When you are the most-successful team in the history of the competition, and are appearing in your fourth grand final in five years, memories of recent pain don't immediately jump out as motivating factors for your side.
Yet seven players named in the Junior Warriors team for the Holden Cup Grand Final remain from the side that went down 42-30 to the Panthers in last season's decider, and they are making no secret about their thirst for redemption against the Broncos on Sunday.
"I said you have got to enjoy this week, we have half a dozen of these boys who were here last year and played in a grand final [loss], and they are still hurting from that," Junior Warriors coach Stacey Jones said mid-week.
"You sort of rely on those boys to say what it means to be in a grand final… sometimes it's once in a lifetime.
"Some of them are too old for next year and the younger ones have got to realise this could be their only chance.
"Losing a grand final is not a good feeling, I have been there myself as a player [in the Warriors' 2002 NRL Grand Final defeat to the Roosters] and it's hard to get back into one.
"Sometimes [you are] better off not even turning up when you lose because it is horrible."
Armed with the memories of disappointment from a year ago the Junior Warriors have defied the odds to make the final from eighth position, and have kept their season alive twice over the past month with last-minute tries.
Last Saturday's preliminary final victory over the Eels – where the New Zealanders scored twice in the final two minutes to win 29-26 – will go down as perhaps the greatest finals match in the National Youth Competition's seven-year history.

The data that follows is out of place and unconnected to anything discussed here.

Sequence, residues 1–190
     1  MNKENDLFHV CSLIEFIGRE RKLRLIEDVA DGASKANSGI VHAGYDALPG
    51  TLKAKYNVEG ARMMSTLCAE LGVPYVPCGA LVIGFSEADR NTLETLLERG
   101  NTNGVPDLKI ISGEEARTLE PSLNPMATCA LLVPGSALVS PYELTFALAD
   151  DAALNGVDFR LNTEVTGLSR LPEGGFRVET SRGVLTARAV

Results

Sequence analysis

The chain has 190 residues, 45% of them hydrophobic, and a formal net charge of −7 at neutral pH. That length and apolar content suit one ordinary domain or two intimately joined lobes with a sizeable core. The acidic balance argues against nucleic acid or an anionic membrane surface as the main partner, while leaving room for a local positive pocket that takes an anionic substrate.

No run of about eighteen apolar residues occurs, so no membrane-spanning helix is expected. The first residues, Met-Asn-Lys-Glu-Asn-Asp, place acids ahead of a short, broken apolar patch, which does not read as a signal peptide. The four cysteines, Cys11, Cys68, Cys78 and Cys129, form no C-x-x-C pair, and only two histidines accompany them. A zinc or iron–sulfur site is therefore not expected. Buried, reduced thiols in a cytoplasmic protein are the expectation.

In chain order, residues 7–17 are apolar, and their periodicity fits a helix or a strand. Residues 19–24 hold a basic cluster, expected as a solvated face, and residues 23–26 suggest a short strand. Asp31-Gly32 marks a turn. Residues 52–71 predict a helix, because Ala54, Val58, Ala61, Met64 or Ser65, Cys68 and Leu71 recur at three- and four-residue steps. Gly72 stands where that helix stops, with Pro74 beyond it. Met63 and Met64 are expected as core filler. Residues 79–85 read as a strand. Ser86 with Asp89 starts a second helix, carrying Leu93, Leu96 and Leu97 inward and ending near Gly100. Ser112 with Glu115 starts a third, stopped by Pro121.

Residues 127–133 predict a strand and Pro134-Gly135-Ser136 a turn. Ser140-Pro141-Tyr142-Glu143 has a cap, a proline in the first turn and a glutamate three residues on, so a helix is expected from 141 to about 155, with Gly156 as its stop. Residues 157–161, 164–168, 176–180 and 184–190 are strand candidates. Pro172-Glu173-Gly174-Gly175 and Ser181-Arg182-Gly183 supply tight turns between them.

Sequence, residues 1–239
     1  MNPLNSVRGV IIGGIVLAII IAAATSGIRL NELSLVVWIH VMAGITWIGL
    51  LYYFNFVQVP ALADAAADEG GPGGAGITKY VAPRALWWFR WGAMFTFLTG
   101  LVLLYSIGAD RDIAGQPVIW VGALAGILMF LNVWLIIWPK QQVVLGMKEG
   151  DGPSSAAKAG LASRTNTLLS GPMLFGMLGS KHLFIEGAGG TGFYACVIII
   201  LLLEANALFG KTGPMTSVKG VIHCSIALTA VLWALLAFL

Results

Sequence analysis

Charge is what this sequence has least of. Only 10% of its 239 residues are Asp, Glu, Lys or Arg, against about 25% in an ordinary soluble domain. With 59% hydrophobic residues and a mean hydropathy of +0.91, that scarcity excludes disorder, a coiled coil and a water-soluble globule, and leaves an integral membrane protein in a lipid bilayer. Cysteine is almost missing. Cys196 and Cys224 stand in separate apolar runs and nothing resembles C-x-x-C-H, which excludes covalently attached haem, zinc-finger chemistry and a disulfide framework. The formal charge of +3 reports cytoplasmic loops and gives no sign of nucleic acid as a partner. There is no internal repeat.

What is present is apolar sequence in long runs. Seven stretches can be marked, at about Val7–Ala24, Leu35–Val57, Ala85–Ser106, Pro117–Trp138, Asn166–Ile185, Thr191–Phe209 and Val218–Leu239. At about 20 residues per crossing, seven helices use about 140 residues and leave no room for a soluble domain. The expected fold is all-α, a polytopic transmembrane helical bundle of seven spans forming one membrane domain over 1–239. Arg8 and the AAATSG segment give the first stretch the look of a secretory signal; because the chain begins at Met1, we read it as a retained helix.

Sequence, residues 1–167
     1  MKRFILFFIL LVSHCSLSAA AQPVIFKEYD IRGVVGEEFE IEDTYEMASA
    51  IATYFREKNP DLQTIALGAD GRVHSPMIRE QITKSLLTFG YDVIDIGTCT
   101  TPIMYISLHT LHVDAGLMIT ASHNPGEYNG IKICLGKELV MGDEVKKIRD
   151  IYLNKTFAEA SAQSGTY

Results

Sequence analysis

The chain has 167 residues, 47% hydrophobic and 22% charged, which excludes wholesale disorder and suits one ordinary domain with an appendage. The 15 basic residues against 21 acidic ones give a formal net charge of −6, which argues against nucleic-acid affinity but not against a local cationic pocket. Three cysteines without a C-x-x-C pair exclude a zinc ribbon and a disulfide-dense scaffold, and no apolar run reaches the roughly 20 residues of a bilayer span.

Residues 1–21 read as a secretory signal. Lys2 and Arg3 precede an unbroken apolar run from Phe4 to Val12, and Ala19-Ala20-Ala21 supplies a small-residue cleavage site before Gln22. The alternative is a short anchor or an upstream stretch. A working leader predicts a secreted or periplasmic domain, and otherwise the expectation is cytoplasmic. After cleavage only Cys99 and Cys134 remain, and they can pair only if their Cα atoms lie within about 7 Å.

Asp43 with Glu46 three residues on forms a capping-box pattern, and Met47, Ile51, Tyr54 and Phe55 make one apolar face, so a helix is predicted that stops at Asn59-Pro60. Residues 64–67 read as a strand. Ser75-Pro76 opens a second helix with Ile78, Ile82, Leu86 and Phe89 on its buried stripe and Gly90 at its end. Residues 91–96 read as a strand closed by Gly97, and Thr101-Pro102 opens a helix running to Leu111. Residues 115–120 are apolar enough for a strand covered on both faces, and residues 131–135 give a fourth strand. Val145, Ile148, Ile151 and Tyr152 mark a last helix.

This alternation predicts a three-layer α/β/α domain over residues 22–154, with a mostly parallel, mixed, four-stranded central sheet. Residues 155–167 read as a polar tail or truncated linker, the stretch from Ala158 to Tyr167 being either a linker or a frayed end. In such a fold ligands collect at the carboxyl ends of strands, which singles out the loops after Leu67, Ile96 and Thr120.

But according to Jones the emotion-charged journey to ANZ Stadium is his side's biggest threat ahead of their quest for a third NYC title.
"We spoke about it, to enjoy the moment and get excited, but realise that we have another week to go," the former Kiwi international said.
"The challenge for us – and I sort of recognised this a month out from the playoffs – was getting to the eight, once we got there I knew that we could give it a good crack.
"We have beaten these top teams throughout the regular season, we just had some bad luck against some of the lesser teams.
"They have just got to keep delivering."
Captain Sam Lisone, who played an integral role in last week's miraculous comeback, will play his 50th and last NYC game on Sunday before moving up to the club's NRL and NSW Cup squads for 2015.
Ahead of his side attempting to become the first team in either the NRL or NYC to win the premiership from eighth position, Lisone said they have no issue defying historical odds.
"This team is all about making history. We won in North Queensland – the first Warriors under-20s team to win there – we were first to win in Canberra too, we are making history... I am really proud of them," the front-rower said.
"After the effort the boys put in we really deserve to play in this final."
In their previous meetings in 2014 the Warriors and Broncos have a win apiece, both enjoying large victories on their opponent's home turf.
Throughout the season Brisbane, who qualified second, have been undoubtedly the better side, but Jones said that would mean little come Sunday.
"Those games count for nothing now, we won't go back and review those games now, we will look at what they have done the last few weeks," Jones said.
"They are a different team to the last three we have played, they are not as big but they certainly throw the ball around a bit more and they are pretty fit too. Our mind set has to be that we need to defend really well if we want to win this."